First Public Enforcement Action by US Consumer Financial Protection Bureau

Published On 24/07/2012 | By Kathryn Tomasic | Consumer protection, Enforcement

On 18 July 2012, the US Consumer Financial Protection Bureau (CFPB) announced that it had reached a settlement with Capital One Bank (USA) (Capital One) in relation to alleged misleading or deceptive conduct in credit card marketing (see press release here). This is the first public enforcement action taken by the CFPB since it was established in 2010.  The settlement secured refunds for approximately 2 million affected consumers, totalling US $140 million. As part of the settlement, Capital One has also agreed to pay US $35 million to the Comptroller of Currency and $25 million to the CFPB.

CFPB alleged that Capital One’s call-centre operators engaged in a range of misleading or deceptive practices to sell credit card “add-on” products to customers with low credit scores or low credit limits. (The add-ons consisted of services such as payment protection and credit monitoring). According to CFPB, Capital One’s conduct included:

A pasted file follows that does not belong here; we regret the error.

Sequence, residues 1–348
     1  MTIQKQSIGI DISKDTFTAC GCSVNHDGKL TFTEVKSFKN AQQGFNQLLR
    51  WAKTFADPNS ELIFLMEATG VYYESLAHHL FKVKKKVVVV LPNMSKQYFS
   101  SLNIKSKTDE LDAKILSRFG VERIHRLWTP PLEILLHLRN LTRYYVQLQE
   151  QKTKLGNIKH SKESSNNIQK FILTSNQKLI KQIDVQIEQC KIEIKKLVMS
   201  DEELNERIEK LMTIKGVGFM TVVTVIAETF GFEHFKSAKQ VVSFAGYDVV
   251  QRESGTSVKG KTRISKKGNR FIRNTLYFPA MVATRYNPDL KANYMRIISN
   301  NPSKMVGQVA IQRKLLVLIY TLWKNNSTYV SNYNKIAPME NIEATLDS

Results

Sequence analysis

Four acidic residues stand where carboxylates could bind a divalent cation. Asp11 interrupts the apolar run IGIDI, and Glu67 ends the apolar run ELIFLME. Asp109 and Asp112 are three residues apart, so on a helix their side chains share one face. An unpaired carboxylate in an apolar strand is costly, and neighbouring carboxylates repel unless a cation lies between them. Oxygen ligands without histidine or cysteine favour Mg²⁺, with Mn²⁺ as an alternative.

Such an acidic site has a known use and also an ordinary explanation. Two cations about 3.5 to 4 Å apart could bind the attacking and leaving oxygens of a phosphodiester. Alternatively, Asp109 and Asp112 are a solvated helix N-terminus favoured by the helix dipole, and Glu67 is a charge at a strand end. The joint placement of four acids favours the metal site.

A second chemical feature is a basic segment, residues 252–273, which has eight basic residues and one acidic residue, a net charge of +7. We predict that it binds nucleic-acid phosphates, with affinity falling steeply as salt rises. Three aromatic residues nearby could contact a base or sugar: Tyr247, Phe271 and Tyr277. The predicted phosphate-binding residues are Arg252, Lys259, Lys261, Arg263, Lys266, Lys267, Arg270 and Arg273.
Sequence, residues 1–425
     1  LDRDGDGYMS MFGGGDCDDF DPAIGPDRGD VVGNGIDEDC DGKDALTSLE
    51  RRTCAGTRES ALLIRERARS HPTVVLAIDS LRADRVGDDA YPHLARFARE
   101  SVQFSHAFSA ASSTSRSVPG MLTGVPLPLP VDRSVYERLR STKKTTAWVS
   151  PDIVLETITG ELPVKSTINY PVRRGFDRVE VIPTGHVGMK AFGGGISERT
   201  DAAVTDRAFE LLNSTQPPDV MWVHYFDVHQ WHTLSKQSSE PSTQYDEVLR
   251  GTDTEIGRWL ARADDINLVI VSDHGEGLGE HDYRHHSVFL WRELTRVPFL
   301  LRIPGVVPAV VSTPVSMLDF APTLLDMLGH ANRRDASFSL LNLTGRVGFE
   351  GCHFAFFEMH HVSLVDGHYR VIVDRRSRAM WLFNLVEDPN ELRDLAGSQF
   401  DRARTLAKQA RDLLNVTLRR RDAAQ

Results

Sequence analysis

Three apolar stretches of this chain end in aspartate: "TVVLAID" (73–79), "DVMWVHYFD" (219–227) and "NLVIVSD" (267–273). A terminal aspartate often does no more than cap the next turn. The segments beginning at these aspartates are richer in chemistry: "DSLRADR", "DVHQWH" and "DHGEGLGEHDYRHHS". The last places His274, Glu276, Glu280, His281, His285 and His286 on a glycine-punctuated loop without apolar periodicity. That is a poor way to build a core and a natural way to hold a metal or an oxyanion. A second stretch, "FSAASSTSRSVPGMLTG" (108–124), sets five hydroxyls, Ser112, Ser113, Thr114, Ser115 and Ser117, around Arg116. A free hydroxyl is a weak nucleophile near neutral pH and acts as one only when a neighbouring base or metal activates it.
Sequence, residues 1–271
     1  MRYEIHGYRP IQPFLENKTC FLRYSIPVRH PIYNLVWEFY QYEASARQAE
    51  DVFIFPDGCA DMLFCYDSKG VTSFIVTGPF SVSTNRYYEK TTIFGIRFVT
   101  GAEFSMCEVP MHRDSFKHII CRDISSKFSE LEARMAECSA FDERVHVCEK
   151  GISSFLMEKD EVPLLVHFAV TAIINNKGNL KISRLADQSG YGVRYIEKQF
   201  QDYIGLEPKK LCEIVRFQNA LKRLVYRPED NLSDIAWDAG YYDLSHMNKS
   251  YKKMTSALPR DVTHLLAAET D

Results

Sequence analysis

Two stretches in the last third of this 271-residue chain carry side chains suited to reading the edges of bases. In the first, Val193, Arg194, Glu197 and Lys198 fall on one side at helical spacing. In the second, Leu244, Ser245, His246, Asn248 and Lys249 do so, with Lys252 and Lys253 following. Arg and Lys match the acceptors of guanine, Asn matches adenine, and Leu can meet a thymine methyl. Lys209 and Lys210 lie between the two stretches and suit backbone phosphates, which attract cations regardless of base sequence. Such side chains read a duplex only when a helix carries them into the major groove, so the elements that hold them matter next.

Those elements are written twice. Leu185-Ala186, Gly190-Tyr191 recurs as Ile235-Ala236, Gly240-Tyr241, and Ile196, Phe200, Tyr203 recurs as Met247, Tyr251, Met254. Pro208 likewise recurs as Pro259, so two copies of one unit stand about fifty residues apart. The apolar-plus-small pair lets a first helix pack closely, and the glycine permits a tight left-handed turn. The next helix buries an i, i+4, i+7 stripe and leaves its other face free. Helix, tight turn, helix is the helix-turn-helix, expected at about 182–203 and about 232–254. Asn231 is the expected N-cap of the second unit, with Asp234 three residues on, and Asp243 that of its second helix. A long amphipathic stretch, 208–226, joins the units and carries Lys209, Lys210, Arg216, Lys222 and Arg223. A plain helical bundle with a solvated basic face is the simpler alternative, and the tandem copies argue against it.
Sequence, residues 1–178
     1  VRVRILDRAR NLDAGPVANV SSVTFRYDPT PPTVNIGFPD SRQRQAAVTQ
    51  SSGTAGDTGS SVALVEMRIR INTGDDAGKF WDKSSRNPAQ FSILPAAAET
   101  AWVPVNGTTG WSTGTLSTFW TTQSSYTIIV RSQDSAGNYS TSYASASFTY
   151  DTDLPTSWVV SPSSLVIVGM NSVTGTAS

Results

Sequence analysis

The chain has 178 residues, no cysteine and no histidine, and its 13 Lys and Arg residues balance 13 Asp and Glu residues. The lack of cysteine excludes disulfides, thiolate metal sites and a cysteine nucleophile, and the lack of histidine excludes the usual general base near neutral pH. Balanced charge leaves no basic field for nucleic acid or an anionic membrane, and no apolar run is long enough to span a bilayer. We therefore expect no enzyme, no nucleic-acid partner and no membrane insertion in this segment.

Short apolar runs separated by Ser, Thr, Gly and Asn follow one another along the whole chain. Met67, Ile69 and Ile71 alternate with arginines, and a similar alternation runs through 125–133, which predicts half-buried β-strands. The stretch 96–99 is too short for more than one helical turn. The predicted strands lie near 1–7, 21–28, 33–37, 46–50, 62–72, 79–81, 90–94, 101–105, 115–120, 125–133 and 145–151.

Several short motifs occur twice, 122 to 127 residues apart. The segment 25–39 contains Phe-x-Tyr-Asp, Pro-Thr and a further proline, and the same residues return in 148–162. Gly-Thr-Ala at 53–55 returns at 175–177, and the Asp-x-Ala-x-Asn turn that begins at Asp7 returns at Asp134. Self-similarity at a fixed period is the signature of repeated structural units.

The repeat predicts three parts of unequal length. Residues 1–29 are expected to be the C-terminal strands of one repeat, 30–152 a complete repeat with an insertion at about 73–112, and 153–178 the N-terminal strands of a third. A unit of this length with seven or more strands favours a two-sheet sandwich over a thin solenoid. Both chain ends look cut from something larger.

• Misleading consumers about the benefits of the products (suggesting that the add-ons would improve their credit scores);
  • Deceiving consumers about the nature of the products (failing to disclose the fact that the add-ons were optional);
  • Misleading consumers about eligibility (offering products that protected consumers in the event of unemployment or disability to customers who were already unemployed or disabled and therefore ineligible for the add ons);
  • Misinforming consumers about the cost of the products (falsely suggesting that the products were free)
  • Enrolling consumers without their consent (customers were automatically billed without signing up for the products).

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